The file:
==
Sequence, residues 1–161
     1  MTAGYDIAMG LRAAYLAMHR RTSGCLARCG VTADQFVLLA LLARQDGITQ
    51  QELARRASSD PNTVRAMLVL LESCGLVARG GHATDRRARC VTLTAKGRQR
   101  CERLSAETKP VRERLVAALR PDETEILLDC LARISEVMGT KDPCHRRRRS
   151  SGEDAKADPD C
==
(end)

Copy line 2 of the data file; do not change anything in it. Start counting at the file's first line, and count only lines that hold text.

     1  MTAGYDIAMG LRAAYLAMHR RTSGCLARCG VTADQFVLLA LLARQDGITQ